image

Ultimately, though, I’d have to agree with Tom’s feeling – it was, in the end, just a doughnut, and how good can doughnuts be?

Nice, but nothing to write home about.

85/100 best dishes in London

Chocolate Macaroons

image

To me, macaroons means the delicious sunken sand-coloured hemispheres with a slight chew that we got at Pesach (/ Passover) that were pipped to the post for my favourite festival treat by cinnamon balls.

These delicious, ganache-filled sandwiches, which have recently become the new cupcake (though I’m sure something else has in turn become the new them) have always been “macarons”.

In fact, of course, the two are the same – and the latter feature two of the former sandwiched around whatever flavoured filling (of the right consistency) you might like to pair with the shells. In spite of the reputation, I don’t think these are super-hard to get right. Have a go!

5.0 from 1 reviews
Chocolate Macaroons
 
Prep time
Cook time
Total time
 
This makes a boatload of macaroons (see the picture) - they bake so quickly that making a huge batch is little more work than making far fewer, so you might as well go all-out. That said, I've never managed to pipe anything without making an amazing mess, and no doubt this mess rises exponentially the more you make. I think this might be the most I could manage without coating the entire kitchen with batter. Some recipes suggest almond flour rather than ground almonds - but I think these should have a nice, slightly gritty texture, so would push for the latter.
Recipe type: Dessert
Serves: 40
Ingredients
  • 6 large egg whites
  • 250 grams ground almonds
  • 250 grams icing sugar
  • 50 grams cocoa
  • 250 grams caster sugar
  • 250 grams super-dark chocolate
  • 300 ml double cream
  • 50 grams butter (salted will add flavour)
Instructions
  1. Whisk (use the electric!) the egg whites, along with half the caster sugar at a medium speed for a couple of minutes, then even faster for a bit. Once the mixture starts to firm, add the rest of the sugar, and keep beating to stiff peaks. The stiffer it is, the more room you have to 'lose air' as you fold this is, so take your time. It should look glossy and brilliant white.
  2. Mix the ground almonds, icing sugar and cocoa powder, and fold into the egg whites with a large spoon, using a figure of eight action, until completely incorporated.
  3. With a piping bag, pipe large-marble-sized blobs onto baking paper, leaving space for these to flatten themselves. You'll probably need several batches, so have a large table or surface to lay out a number of lots ready to bake.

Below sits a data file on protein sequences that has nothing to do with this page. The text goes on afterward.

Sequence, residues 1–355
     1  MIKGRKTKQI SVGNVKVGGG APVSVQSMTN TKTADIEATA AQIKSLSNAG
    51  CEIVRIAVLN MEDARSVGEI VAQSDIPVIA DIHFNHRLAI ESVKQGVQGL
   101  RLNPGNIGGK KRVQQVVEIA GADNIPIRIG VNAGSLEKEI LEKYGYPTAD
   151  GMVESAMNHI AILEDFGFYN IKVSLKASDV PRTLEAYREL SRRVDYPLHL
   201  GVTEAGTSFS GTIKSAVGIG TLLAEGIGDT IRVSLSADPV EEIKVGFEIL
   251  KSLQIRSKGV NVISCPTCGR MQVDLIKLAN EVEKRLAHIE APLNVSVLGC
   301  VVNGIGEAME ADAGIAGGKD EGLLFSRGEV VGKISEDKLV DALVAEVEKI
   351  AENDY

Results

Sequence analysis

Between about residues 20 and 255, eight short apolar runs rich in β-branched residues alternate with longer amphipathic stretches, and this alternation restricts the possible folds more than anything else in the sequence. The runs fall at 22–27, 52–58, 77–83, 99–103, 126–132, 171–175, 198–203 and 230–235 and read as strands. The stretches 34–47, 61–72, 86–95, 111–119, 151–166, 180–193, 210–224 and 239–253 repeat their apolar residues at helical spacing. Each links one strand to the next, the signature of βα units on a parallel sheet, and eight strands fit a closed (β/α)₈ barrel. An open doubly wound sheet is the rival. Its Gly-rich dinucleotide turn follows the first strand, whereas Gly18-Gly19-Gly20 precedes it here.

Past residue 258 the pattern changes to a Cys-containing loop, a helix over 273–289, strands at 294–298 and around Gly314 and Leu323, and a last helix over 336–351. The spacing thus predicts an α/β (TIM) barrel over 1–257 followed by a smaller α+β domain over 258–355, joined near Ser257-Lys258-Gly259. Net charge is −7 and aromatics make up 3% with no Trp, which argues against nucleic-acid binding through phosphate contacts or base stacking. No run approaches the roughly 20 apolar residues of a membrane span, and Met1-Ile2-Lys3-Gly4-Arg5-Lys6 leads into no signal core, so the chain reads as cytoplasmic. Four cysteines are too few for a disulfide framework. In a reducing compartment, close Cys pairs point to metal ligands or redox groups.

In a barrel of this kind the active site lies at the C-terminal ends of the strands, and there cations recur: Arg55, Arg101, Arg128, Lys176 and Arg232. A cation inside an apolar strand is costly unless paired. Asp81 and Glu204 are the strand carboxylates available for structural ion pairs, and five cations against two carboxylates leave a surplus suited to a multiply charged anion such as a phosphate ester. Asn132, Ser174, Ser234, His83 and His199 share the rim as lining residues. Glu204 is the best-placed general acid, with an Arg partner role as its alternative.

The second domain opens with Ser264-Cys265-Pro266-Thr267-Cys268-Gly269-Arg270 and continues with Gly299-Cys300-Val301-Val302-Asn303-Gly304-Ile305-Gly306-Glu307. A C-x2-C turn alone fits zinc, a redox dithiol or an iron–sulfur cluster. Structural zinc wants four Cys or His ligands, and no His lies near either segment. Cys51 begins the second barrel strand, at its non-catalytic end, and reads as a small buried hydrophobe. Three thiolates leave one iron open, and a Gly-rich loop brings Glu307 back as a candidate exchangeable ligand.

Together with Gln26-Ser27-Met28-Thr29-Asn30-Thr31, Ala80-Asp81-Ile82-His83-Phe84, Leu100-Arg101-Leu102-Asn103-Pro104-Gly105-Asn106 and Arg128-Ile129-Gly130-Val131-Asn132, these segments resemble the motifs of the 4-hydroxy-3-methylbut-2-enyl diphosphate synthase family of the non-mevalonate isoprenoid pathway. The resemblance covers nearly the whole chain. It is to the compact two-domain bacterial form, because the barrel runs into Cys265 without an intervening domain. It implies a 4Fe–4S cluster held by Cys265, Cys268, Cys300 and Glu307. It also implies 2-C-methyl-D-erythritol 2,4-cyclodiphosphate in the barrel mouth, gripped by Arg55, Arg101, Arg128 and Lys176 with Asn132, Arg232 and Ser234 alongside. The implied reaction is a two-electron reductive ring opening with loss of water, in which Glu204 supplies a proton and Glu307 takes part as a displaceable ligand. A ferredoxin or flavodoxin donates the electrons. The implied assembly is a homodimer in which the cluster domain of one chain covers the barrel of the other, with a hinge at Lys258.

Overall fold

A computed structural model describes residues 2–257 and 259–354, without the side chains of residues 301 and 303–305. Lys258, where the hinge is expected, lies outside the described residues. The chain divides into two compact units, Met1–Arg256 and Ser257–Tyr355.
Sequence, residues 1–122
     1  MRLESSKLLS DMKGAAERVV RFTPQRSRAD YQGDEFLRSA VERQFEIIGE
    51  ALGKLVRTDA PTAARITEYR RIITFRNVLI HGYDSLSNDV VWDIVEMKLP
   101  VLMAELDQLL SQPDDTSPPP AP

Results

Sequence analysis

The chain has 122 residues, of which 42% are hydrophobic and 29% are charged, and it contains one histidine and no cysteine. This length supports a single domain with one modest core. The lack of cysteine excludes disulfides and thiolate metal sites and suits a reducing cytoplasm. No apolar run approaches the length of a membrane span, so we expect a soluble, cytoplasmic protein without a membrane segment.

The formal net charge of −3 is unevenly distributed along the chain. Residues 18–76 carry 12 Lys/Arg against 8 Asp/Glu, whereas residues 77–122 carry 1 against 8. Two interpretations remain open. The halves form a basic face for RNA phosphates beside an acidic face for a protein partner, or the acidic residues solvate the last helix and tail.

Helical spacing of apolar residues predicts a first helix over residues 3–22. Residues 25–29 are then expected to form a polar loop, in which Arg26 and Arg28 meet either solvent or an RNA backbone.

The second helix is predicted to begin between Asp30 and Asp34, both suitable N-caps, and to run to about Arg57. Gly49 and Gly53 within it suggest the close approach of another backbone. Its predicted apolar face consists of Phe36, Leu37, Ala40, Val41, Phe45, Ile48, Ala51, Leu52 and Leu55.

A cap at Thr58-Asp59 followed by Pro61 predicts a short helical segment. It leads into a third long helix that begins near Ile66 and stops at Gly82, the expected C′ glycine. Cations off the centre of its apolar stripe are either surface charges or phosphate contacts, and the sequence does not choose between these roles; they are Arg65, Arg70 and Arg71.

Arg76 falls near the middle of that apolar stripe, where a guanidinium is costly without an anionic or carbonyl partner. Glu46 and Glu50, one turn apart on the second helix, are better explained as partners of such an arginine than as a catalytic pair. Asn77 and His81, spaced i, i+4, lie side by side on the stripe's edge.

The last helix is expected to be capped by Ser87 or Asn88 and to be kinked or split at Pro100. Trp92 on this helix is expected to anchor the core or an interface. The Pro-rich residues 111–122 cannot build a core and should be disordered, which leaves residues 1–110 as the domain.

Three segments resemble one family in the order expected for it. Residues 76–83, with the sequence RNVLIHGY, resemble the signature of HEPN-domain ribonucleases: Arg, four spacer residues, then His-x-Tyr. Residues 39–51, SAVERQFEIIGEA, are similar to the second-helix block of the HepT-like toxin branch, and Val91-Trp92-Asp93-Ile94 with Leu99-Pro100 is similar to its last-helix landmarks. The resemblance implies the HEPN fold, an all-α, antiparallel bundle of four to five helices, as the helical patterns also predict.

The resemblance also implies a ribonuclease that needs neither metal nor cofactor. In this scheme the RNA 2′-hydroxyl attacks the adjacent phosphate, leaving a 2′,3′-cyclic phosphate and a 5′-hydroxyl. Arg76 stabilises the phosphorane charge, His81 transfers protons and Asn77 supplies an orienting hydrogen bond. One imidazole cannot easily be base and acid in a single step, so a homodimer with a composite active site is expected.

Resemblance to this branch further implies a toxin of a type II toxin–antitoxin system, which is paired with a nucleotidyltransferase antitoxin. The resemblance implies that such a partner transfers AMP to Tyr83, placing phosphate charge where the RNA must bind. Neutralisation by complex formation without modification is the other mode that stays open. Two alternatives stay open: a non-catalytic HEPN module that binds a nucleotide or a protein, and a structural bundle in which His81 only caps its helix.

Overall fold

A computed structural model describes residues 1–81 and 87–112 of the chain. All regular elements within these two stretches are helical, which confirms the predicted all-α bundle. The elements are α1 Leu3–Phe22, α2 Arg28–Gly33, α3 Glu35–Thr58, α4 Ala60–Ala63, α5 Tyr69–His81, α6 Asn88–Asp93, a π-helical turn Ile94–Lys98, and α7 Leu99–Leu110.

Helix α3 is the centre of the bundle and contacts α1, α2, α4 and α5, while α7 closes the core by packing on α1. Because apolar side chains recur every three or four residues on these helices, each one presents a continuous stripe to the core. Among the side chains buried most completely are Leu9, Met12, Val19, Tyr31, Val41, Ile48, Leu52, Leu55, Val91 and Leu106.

4. Important: leave the blobs to sit for 25 minutes, until slightly drier.
  5. Bake on a baking tray for 12 minutes at 165 degrees C. Be brave about believing that they are done at this point.
  6. After cooling for ten minutes, the shells should be easy to lift and set aside.
  7. For the ganache, melt the chocolate in a bain marie (a bowl sat atop a pan of boiling water), add the cream and stir quickly to mix in. Add the butter, and stir this in too. Allow to cool until thick enough to spoon, but not set.
  8. Press the tip of your thumb into the flat side of a shell to make extra space for ganache, and generously add ganache, pressing another (intact) shell on top. Twisting may help to spread the filling evenly.
  9. Refridgerate overnight before serving (oh, go on, you can have one!) and store up to a week (genuinely) in the fridge in an airtight container. Bring to room temperature before eating.

 

Swiss Millionaire Shortbread

I love millionaire shortbread – but I only recently discovered just how easy it is to make. In fact, shortbread is such a cinch that I can’t understand why anyone would buy it.

The vanilla brings out the taste – and who wouldn’t use salted caramel now we’ve all been made aware of its existence?

Hat tip to BBC Recipes for the basic mould of this one, though I use vanilla essence rather than pods (who can afford / find them easily?) – and I make it Swiss by using Toblerone, an easy way to make yours stand out.

The certainly isn’t for the faint-hearted, and it’s not guilt-free, but sure to go down well.

Swiss Millionaire Shortbread
 
Prep time
Cook time
Total time
 
Recipe type: Treat
Serves: 20
Ingredients
For the shortcake:
  • 175g butter
  • 225g flour
  • 75g sugar
  • 1 tsp vanilla essence
For the caramel:
  • 400ml tin condensed milk (though, oddly, it's generally sold in 397ml tins - anyone know why?)
  • 4 tbsp golden syrup
  • 1 tsp salt
  • 200g butter
To top:
  • 400g Toblerone (I used the normal milk one, that comes in the golden box)
Instructions
  1. Rub together 175g butter, flour, sugar, vanilla essence, until it’s dough. Press into a 23cm square tin, prick all over with a fork.
  2. Bake for 5 mins at 175 degrees, then 35 mins at 150 until golden brown (though still a little soft). Allow to cook for ten minutes.
  3. Heat condensed milk, golden syrup and salt. Add 200g butter slowly, then boil for ten minutes stirring constantly. Where the sugar ‘catches’ at the bottom it will become dark brown, but will mix back in, making a dark golden brown caramel. Pour the caramel over the shortbread, and cool in the fridge.
  4. Melt Toblerone in a bain marie (pyrex bowl on top of simmering pan of water) and pour over the caramel. Cool outside the fridge and cut while the chocolate is still not rock solid – this will allow you to create squares without cracking.